Andrew Marr, as a valued member of our community, is always on hand for political guidance when we haven’t the foggiest. And as for community credentials, he’s the patron of St Mary’s Centre Community Trust, the youth service at St Mary’s. This service works with vulnerable children and young people aged 6 to 25. Calvin Bungisa, who was recently stabbed to death in Gospel Oak, was one of those young people.
Speaking at the Primrose Hill Summer Lectures, Andrew explained that money raised at the lectures goes to fund the church’s youth work; that the results of governmental decisions are felt here on our streets, including the disaffection of young people, gangs and the all-too-common stabbings. He asked that we all do our bit to help in whatever way we can, including giving a donation (details below).
Andrew garnered three rounds of applause before he even got onto whether or not our political system is broken. And when he did, he was keen to place Brexit into a longer-term perspective. It may seem as if the consequences of our current politics are destabilising, infuriating and perplexing, but we needed to realise that this country has been through much worse. Andrew came to London in 1984 at the time of the Tottenham riots (where he took a wrong turn into a group of rioters and had to be rescued by Bernie Grant), and reminded us that there have been times of real violence in previous decades. He felt that we tend to catastrophise what’s going on at the moment and have a ‘gooey nostalgia’ for past decades. In May 1968 the government nearly collapsed and we almost had a military coup. We had the three-day week in the 1970s, the IRA blowing people up and the bloated corpses of horses in Hyde Park, the miners’ strike, the Falklands war and the Blair years, with hundreds of thousands dying through the Iraq war.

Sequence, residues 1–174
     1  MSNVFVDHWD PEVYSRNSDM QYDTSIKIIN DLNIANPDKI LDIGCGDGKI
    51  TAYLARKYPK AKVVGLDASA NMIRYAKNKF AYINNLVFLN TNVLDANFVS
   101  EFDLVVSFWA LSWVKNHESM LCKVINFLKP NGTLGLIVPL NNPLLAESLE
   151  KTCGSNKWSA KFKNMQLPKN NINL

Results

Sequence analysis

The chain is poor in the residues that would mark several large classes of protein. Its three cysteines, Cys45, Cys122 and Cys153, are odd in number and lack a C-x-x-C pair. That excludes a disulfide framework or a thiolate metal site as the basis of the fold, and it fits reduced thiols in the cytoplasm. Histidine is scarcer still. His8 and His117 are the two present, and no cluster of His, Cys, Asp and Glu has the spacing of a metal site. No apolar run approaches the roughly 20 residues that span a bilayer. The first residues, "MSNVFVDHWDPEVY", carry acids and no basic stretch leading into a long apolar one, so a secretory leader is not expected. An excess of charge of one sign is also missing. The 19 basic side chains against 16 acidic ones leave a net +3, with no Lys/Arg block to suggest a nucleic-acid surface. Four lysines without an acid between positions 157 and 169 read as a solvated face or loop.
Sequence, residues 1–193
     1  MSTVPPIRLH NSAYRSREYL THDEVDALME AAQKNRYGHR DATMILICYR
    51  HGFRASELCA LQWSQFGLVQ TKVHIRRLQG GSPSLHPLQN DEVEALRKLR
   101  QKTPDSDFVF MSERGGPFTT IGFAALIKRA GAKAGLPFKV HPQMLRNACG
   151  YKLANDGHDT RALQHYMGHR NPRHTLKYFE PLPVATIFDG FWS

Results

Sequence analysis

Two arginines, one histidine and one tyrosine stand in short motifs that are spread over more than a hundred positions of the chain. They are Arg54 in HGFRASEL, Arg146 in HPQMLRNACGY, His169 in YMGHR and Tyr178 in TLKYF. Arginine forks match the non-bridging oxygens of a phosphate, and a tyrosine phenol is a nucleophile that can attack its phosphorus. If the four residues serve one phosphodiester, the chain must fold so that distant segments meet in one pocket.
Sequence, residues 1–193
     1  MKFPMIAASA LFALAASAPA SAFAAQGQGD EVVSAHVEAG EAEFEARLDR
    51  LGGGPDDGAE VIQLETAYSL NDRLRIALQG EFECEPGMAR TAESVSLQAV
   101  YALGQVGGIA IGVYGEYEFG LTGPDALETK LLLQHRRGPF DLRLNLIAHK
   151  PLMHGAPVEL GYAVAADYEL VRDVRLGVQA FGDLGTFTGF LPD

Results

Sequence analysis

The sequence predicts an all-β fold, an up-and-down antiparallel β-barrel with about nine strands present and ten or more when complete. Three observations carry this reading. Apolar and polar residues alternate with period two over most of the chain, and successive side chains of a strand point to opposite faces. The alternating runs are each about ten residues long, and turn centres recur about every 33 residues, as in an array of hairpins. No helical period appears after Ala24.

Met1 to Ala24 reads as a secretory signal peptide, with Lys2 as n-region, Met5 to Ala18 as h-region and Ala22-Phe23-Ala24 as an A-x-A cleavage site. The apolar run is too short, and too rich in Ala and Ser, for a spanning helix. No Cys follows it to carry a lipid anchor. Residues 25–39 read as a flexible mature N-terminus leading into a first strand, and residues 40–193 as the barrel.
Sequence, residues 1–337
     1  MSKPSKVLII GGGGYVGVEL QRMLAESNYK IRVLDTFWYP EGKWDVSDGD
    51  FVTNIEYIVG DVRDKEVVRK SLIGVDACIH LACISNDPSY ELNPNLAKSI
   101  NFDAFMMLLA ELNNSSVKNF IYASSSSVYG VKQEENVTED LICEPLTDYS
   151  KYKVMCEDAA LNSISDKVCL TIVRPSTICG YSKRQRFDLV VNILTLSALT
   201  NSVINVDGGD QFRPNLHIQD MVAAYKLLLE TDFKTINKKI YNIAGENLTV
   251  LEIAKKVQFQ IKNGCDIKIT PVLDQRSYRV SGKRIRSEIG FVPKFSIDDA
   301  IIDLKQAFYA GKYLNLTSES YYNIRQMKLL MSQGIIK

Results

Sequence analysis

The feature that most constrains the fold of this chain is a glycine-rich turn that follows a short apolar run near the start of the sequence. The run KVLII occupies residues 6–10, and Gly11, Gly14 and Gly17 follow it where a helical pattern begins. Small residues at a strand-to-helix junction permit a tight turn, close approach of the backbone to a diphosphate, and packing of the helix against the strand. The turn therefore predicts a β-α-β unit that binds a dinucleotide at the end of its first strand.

Of course Andrew has a much greater depth of political awareness than most of us. He has a longer-term historical perspective – being the author of The History of Modern Britain and A History of the World – and he’s had a political career which set off on the left wing before he became the political editor for The Economist.
As far as Brexit is concerned, he thinks that politicians have been handed an impossible question: “Can you get us out of 45 years of the EU without being affected?”. David Cameron was persuaded to hold the referendum by many MPs, not believing he’d lose it, underestimating the importance of the Irish border and the trading relationship we will have with Europe once we leave.
Throughout the country there is a ‘howling vortex on social media’ on both sides, with ‘coarsening venom’ running around the country. As Andrew travels throughout the UK, he hears a lot of anger about hastening Brexit. And when he’s in Primrose Hill, he hears more anger, but from the other side.
The question was raised about violence to MPs, and Andrew, who knew Jo Cox, reminded us of precedents: ‘Ditch the Bitch’ in the Thatcher era, the burning of effigies, and Lloyd George having to be brought out of a political meeting in Birmingham dressed as a policewoman to prevent him from being lynched. Even in Parliament itself, cleaners have reported finding blood and teeth in the House of Commons.
And as for the quality of our politicians, Andrew thinks that the biggest single problem is people going into politics too early without any breadth of experience. They may be better qualified these days, but they don’t have enough practical, hands-on experience. His suggestion was not to let anyone into politics until they’re over 40!
As part of the bigger picture, Andrew feels that change really happens when millions of people decide to do something, and then Parliament tends to follow. Currently there is vast social change going on regarding climate crisis which dwarfs Westminster. We will, in future decades, have to consume less and take fewer lavish holidays as this is ultimately a bigger problem than Brexit.
Andrew ended the evening with a joke about Madame de Gaulle and a penis; so whatever the outcome, at least we can still have a chuckle.
To donate to St Mary’s Centre Community Trust: www.justgiving.com/smcct